Skip to main content

Rights of Way: Vehicles

Volume 476: debated on Monday 2 June 2008

To ask the Secretary of State for Environment, Food and Rural Affairs if he will make a statement on the Government's policy on byways open to all traffic; and what steps his Department plans to take in light of the Court of Appeal judgment in the case of R on the Application of the Warden and Fellows of Winchester College and Humphrey Feeds Ltd v. Hampshire county council and the Secretary of State. (206579)

The Government's policy on byways open to all traffic (BOATs) is set out in a document entitled ‘Use of mechanically propelled vehicles on rights of way—the Government's framework for action’, which was published in January 2005. In this document we made clear our intention to legislate to curtail claims for vehicular rights of way, where those claims derive from historic use and dedication for use by non-mechanically propelled vehicles. These proposals now form the basis of Part 6 of the Natural Environment and Rural Communities Act 2006.

The case of ‘R on the Application of the Warden and Fellows of Winchester College and Humphrey Feeds Ltd v. Hampshire county council and the Secretary of State’ was essentially about what is meant by an: “application made in accordance with paragraph 1 of Schedule 14 to Wildlife and Countryside Act 1981”, within the meaning of section 67(6) of the 2006 Act and whether such an application, made for a byway open to all traffic, would have engaged the exceptions in section 67(3) of the Natural Environment and Rural Communities Act 2006 and thereby have preserved public rights of way for mechanically propelled vehicles that were the subject of such an application.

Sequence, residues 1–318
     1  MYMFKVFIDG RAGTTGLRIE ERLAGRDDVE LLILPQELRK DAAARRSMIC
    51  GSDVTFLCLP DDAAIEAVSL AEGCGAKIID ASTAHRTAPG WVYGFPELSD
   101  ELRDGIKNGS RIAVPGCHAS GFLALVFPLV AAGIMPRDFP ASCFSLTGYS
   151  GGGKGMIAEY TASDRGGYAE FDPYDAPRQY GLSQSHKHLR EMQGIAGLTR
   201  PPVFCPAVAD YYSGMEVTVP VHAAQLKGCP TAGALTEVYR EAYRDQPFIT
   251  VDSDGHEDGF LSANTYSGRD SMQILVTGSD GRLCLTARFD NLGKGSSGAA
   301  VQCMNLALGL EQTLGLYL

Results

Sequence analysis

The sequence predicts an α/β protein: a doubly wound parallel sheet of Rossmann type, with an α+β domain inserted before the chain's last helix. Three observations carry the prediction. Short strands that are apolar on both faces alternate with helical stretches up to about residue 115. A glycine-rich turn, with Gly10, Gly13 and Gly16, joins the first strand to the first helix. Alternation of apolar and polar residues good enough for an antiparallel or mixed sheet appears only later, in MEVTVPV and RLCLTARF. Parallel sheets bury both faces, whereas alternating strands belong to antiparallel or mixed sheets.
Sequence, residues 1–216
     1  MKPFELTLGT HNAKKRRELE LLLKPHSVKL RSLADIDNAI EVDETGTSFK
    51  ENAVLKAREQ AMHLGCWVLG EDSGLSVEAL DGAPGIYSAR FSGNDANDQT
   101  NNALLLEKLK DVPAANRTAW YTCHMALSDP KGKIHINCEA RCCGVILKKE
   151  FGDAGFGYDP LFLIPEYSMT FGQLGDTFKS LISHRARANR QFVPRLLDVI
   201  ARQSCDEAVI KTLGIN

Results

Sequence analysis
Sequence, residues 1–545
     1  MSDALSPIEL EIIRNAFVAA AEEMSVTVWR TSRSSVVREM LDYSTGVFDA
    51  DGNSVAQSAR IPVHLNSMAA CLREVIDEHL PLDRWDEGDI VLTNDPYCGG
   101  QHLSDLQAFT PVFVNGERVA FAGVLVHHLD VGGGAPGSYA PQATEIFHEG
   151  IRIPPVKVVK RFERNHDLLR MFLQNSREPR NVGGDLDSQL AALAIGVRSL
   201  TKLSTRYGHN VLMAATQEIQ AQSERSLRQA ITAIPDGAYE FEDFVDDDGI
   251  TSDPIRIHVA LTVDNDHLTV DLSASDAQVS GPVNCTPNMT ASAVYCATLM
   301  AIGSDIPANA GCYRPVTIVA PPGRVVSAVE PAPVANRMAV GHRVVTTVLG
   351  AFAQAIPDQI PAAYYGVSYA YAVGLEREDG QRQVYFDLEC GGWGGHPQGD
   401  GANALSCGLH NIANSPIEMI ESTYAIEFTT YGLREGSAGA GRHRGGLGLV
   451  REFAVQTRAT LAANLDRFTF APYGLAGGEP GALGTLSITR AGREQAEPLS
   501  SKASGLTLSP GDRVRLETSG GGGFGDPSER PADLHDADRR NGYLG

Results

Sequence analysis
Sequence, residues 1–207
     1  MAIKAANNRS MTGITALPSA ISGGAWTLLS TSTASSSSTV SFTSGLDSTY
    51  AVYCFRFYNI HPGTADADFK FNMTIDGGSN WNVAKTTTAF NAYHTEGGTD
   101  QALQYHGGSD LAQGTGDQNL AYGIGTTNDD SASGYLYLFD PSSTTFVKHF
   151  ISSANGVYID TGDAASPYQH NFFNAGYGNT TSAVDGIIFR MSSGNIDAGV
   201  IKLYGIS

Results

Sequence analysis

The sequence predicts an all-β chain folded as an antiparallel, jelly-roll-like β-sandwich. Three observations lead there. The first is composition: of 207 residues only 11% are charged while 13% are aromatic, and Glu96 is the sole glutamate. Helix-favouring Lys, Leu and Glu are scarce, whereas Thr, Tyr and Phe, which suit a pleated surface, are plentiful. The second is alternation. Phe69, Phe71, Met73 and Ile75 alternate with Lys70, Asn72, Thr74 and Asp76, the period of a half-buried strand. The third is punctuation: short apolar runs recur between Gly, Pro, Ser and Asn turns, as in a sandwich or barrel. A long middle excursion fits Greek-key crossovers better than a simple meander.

The Court of Appeal ruled that, for the purposes of section 67(6) of the 2006 Act, an application must be accompanied by copies of all the documentary evidence that the applicant wished to adduce or rely upon and a copy of a map drawn to the prescribed scale.

It seems likely that there are many cases pending where, in light of this judgment, the conclusion will be that, even where there was an application for a BOAT made before the relevant date (as set out in section 67(4) of the 2006 Act), the requirements of paragraph 1 of schedule 14 will have not been complied with, within the strict terms emphasised by the judgment, and therefore the public rights of way for mechanically propelled vehicles will have been extinguished.

Version 5 of DEFRA's online guidance on Part 6 of the Natural Environment and Rural Communities Act 2006, which will be published shortly, will include revised guidance on this aspect of the legislation. We have also issued revised guidance to rights of way inspectors to enable them to deal accordingly with any cases before them.